Just a moment ago you were in the thick of your busy, busy Peak Earning Years. Now, you can see a new adventure rapidly approaching. What is it? Retirement.
Are you getting ready?
Chances are good that your children have left the nest. Perhaps you are assisting your aging parents with their personal, health care and financial responsibilities.
As in your Peak Earning Years, this would be a good time to create (or revisit) your estate plan and make sure your adult child(ren) and parents have their legal ducks-in-a-row, also.
Unfortunately, many married couples believe that they can make decisions (whether personal, health-related or financial) for each other should either spouse become unable to do so due to a serious injury or illness. Nothing could be further from the truth!
Without proper advance planning to appoint your spouse as your decision-maker, if you are unable to do so, he or she will not have legal authority to make even fundamental decisions for you (or affecting both of you). For example, medical privacy laws will deny your spouse/partner access to your medical records and the ability to consult with your physician(s), financial laws limit control over your finances, and IRS regulations will prohibit filing a “legal” joint income tax return, just to name a few.
Unless you legally appoint the decision-maker of your own selection in advance through proper estate planning, then a probate judge will select one for you. While the judge will likely appoint your spouse, the probate court process to accomplish this is long, expensive and can be a burden to your spouse/partner.
Did you know that without having a plan in place, your assets may be distributed after death based on broad state laws written for people who do not have their own estate plan? Of course, this very impersonal estate plan written by state lawmakers will likely not reflect your own unique circumstances and objectives for your spouse and assets. In fact, depending on how your premarital assets are titled and how your beneficiary designations are arranged, you may disinherit your own spouse and force your spouse to sue your estate by no fault of your own!
Now, let’s consider something no married couple wants to think about.
What if your spouse or partner or the person you rely on dies before you or your relationship changes?
Without proper legal planning, your ex-spouse (as surviving parent/guardian) would likely be appointed by the probate court to manage the inheritance you leave to your minor child(ren). To make matters worse, what if your child(ren) later predeceases your ex-spouse, and are single and have no children? Who would inherit your assets then? That is right … your ex-spouse, as the next-of-kin of your child(ren).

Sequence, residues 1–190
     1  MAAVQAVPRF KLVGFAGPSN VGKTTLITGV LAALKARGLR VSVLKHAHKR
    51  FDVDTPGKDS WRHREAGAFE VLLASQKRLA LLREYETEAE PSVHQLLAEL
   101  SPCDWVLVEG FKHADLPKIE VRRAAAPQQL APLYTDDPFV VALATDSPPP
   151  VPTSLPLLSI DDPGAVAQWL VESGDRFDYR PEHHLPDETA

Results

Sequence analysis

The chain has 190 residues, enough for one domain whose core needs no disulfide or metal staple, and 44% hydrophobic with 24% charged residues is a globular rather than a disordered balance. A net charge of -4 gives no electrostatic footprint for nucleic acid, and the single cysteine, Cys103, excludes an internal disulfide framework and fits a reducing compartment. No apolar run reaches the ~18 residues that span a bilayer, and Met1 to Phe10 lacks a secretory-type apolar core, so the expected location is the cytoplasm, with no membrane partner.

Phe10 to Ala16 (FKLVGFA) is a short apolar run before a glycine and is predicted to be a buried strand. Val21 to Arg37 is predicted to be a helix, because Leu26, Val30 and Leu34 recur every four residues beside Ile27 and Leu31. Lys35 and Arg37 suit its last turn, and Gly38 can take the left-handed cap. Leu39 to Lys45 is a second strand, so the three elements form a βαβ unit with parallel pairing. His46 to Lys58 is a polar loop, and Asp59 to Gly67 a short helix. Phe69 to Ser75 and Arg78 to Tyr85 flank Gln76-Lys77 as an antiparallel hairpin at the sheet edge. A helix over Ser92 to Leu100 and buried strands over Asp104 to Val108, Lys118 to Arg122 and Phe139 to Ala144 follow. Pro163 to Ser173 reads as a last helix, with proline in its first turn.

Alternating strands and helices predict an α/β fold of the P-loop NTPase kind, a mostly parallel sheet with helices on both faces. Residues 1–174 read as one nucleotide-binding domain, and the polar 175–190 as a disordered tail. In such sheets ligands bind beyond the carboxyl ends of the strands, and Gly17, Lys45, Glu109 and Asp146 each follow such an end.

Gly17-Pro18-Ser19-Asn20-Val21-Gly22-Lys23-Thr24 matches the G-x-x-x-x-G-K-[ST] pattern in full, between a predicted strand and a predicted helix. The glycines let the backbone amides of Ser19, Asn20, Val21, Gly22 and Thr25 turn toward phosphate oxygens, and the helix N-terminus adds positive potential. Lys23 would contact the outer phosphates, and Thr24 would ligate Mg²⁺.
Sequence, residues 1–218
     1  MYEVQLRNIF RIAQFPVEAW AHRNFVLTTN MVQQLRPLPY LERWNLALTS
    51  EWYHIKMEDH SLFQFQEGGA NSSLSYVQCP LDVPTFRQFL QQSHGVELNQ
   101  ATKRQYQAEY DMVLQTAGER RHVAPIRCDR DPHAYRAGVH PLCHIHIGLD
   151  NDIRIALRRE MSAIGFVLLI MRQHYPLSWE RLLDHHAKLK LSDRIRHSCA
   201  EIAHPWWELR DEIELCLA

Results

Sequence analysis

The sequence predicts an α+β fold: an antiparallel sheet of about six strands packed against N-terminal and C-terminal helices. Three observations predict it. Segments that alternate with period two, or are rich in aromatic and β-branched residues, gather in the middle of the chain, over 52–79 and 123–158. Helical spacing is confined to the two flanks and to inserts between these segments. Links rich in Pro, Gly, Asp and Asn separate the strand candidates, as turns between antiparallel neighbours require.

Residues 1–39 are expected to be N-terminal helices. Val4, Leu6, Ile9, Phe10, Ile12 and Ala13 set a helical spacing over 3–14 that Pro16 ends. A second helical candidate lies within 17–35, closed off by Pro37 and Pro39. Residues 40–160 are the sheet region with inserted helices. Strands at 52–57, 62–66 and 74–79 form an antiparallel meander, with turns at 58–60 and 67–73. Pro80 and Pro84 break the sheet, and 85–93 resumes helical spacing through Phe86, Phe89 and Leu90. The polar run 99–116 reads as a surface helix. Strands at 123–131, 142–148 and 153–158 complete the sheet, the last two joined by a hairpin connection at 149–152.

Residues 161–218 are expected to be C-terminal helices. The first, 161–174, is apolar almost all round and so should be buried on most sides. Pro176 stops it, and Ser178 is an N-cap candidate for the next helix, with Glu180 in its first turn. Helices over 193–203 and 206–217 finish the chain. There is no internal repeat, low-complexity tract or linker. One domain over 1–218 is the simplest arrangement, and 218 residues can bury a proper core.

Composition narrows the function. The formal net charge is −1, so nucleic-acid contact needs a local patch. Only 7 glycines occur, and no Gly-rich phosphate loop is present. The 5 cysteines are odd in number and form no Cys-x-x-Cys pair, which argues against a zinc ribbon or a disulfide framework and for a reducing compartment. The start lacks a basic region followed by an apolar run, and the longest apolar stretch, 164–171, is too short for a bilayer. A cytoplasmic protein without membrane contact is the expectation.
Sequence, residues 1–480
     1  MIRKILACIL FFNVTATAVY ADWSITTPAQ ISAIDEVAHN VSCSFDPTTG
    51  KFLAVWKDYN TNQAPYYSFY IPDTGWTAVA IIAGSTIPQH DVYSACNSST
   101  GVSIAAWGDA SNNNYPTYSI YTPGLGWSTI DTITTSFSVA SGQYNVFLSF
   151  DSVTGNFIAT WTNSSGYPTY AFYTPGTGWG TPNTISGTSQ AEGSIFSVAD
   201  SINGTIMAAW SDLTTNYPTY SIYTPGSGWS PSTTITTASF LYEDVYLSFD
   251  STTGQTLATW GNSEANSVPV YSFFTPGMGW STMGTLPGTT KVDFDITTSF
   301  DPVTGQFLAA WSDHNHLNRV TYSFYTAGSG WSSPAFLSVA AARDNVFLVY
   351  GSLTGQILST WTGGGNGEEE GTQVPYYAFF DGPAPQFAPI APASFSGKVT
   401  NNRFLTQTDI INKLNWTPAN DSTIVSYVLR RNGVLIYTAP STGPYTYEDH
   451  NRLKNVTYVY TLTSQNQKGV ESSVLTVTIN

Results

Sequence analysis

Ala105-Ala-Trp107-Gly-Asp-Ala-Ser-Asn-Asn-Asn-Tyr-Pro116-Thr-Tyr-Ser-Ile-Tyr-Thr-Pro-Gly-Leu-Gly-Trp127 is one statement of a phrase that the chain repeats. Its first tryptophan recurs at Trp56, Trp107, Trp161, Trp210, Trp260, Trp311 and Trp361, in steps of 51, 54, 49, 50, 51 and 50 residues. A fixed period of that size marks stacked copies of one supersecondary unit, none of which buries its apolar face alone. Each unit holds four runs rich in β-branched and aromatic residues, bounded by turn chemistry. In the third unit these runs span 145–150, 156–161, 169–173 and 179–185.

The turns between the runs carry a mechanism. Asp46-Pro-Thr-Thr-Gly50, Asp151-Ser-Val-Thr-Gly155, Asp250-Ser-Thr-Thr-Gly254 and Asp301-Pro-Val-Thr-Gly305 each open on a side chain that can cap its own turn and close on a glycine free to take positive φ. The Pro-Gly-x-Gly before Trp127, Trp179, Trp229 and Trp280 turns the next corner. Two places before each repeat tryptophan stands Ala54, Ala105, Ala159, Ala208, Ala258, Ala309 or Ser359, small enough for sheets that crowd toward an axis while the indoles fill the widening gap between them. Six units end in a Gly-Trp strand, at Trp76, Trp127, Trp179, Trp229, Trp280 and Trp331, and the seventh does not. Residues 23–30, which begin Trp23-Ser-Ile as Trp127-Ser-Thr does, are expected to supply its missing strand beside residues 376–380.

Chances are you made a few solemn promises to your new spouse on your wedding day. Among them were promises to be there through thick and thin, personally and financially. In the absence of a premarital agreement to maintain separate assets, most spouses in blended families tend to blend their wealth. For example, they title their respective assets in the names of both spouses and also designate one another as the primary beneficiary of their respective retirement plans and life insurance policies.
Warning: If you predecease your new spouse, then you may forever disinherit your own children from your share of such blended wealth! Thereafter, upon the death of your new spouse, your assets may be inherited by your stepchildren, or even by your new spouse’s next spouse and their children. Yes, things can get complicated – and fast!
Regardless of whether children are reared in a traditional nuclear family or in a blended family, great care should be given to protect any inheritance both for and from them. For starters, wealth representing a lifetime of your hard work and thrift can be lost very quickly. In addition to good old-fashioned spending, an inheritance can quickly vanish through divorces, lawsuits and bankruptcies.
What is your plan to pay for long-term care, if you need it?
Have you noticed how expensive the continuum of care is? From in-home assistance to assisted living to skilled nursing the expenses can destroy savings and investments created over a lifetime of hard work and thrift.
As you near retirement, lock-in a long-term care insurance policy(s) while you are still able to physically and mentally qualify. Some versions of coverage only pay if you need long-term care assistance, but others can now do double-duty and turn into life insurance if you do not need such assistance. That is a popular alternative to traditional long-term care insurance.
There is a 70% risk of needing long-term care once you reach age 65. Curiously, 70% of people think they will not be among those 70% needing care (i.e., denial) and 70% of people think Medicare will pay for it (i.e., ignorance)! You do not want to be in that 70% who are in denial, ignorant or both.